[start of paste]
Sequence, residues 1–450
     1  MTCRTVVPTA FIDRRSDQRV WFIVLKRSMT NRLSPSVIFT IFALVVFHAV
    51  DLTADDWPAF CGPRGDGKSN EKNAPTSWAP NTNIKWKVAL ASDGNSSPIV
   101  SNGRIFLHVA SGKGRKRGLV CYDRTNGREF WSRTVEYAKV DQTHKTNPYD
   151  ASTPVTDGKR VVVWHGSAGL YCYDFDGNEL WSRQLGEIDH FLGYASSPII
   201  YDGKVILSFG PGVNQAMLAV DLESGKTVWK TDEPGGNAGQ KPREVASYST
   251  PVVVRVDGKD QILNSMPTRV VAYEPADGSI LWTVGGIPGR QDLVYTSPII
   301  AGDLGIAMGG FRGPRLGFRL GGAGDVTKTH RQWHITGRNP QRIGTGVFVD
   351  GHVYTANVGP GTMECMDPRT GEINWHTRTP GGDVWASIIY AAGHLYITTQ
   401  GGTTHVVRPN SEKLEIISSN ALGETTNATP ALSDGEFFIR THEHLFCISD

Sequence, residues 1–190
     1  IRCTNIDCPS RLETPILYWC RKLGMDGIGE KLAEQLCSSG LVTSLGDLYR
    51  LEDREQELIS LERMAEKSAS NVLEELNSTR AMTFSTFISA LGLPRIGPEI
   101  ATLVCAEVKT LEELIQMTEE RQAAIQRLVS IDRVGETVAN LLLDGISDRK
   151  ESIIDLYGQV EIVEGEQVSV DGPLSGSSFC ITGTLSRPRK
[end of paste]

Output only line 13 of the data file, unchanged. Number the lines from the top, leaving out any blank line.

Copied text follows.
    51  LEDREQELIS LERMAEKSAS NVLEELNSTR AMTFSTFISA LGLPRIGPEI